I would do it again, but I would jump up and down and force my corner significantly more than I did. I would ensure that I had an engineer with Formula 1 experience on my car. When I arrived at Melbourne we only had one and he was working on Mika’s car. Everyone was learning and unfortunately that didn’t help my cause very much. It was a very good opportunity though and I would do it again. It didn’t totally work out the way we wanted, but it did work out in some way as when I left Toyota Flavio Briatore contacted me and I became the third driver for Renault. As much as it wasn’t racing it was a key thing for me. They gave me a car so that I could show what I could do, against two quick drivers (Alonso and Trulli) and I also had a team that listened to what I said and use the input on the development of the car and the team. But the keyword at the Renault side was not racing, you got to race and you know that I enjoy racing.
PLM: After your time in Formula 1 came to an end you returned to Audi. Since 2006 you drive with Rinaldo Capello and Tom Kristensen. Do you have a special relation with them and how is it to work with them in terms of setting up a car and racing it?
McNish: Dindo and I have raced together since 2000, we know each other well and our driving style is identical. If I don’t like it, he doesn’t like it and vice versa. If he changes something during the warm-up and I start the race I’m confident that when he thinks it is better it is better. We’ve got a friendship away from the track as well, which I think is important. With Tom it’s quite a different dynamic. Tom and I were racing against each other more often and we were the ones fighting it out in the last gasp and in qualifying. So there was a certain element of battle; we were always against each other in the knowledge that we had to beat each other before we could win the race. It became very clear to us both that it was a lot easier to fight with each other in the same car than to fight against each other any longer. I asked Dindo “okay, you’ve driven with Tom, how is this going to work, you know me, you know Tom. The three of us is that going to work together?” Sometimes it could be a recipe for disaster. When you get two people with such strong characters like Tom and I in one car and it can be a negative thing. But Dindo said we were capable on and off the track not to let that be negative. Tom and I have managed to learn to use it to our best. Dindo had a calming influence on us both.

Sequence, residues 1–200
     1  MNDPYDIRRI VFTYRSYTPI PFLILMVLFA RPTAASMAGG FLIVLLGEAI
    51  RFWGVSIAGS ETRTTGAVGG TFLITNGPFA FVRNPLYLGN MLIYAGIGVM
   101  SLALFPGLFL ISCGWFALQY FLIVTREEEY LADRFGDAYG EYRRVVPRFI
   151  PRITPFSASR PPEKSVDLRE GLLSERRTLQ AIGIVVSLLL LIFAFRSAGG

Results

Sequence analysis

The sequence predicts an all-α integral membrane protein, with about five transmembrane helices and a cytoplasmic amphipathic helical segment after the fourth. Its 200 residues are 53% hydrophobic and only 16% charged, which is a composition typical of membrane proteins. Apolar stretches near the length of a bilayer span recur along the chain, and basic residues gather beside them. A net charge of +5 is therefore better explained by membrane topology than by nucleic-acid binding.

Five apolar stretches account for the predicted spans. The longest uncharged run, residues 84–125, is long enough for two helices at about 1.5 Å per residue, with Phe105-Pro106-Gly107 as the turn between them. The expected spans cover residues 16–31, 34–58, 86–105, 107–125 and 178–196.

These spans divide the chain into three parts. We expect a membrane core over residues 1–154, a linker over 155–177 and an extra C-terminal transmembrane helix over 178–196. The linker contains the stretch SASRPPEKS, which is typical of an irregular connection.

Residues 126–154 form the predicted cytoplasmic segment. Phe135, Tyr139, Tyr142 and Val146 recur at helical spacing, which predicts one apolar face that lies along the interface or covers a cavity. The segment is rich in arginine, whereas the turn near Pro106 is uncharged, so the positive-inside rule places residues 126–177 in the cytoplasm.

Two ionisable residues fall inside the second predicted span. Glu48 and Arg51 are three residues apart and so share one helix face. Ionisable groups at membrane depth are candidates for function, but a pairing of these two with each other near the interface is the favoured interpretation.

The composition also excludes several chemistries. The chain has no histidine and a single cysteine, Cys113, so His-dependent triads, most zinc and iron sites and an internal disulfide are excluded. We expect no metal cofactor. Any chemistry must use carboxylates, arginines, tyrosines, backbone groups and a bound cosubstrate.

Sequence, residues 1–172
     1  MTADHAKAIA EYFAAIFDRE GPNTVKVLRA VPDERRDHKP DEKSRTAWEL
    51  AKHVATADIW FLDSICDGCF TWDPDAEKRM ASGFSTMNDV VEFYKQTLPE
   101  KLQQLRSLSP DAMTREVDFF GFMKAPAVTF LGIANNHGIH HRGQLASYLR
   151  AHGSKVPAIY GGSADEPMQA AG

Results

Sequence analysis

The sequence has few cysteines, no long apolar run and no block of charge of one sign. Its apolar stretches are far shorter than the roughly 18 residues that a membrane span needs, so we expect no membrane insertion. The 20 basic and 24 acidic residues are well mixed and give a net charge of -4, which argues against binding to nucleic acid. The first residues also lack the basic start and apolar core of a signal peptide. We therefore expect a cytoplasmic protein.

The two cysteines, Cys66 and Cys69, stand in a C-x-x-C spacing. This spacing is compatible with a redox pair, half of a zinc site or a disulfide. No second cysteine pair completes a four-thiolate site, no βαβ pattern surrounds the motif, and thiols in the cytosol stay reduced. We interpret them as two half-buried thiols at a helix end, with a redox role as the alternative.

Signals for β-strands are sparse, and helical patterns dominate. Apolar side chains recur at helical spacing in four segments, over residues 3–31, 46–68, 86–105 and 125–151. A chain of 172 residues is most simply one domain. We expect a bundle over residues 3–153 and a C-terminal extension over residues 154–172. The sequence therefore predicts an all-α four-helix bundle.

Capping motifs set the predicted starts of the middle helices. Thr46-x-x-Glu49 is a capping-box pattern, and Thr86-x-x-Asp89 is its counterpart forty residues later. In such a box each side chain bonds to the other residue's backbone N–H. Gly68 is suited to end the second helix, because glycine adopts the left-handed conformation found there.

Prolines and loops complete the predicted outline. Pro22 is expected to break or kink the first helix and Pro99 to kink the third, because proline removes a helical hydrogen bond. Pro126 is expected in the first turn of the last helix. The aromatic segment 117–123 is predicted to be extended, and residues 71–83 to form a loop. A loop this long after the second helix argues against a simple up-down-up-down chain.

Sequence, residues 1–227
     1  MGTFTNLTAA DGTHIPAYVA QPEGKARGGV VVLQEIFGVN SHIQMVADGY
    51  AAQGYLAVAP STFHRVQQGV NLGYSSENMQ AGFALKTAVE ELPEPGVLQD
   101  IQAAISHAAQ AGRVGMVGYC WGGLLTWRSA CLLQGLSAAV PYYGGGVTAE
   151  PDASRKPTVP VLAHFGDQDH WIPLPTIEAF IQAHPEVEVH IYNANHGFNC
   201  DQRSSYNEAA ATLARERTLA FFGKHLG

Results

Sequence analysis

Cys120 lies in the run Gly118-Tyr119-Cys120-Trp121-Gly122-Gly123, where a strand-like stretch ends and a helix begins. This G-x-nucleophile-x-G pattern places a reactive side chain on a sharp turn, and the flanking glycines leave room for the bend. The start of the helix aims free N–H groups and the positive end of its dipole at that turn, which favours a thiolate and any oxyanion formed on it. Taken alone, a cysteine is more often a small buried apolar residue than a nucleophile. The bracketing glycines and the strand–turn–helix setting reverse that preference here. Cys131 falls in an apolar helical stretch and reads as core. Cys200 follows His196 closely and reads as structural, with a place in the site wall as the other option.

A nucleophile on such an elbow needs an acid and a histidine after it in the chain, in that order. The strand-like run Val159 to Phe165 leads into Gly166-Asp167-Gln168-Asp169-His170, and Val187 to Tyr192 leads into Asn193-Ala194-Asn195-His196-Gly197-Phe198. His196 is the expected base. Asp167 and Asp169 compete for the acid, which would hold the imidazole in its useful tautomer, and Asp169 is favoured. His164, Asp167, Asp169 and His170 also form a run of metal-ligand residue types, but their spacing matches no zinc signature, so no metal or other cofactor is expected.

Dindo is able to do things with the car that sometimes really surprise me, but he’s also got a talent outside of the car to bring the best out of the both of us. I think we sort of do with him in a different way. I really appreciate Dindo’s influence into the workings of the car over the course of a race.
PLM: Audi seems to bring in younger drivers into their top cars every year. Do you expect to be racing with Dindo and Tom for many more years?
McNish: The way I look at it, and I know they look at it in the same way, there are two things that decide whether you continue racing or not: One is the stopwatch and the other is motivation. I think you can make your own judgment whether we still have the passion and you can make your own judgment whether we are still fast enough. Why change a successful team.
But Audi also has to look to the future; they also have to build three cars that can fight for the same sort of level and they have to look at building the next generation of drivers that will take over from Tom, Dindo and I as honestly we’re not going to be around in ten years time. They’ve got the hard job, because they have to educate, develop and train with the new crew, but at the same time to separate us as a group would be negative to the team as well. We have to look beyond one car at the front and try to get three cars out there. That’s the way we can keep constant pressure on the likes of Peugeot or Toyota when they come in in the future or when other manufacturers turn up at Le Mans.
PLM: Should Audi decide to focus on the youngsters or get out of LMP racing would you consider staying with Audi and race in another class like your colleagues Werner, Pirro and Biela do in GT3 for example?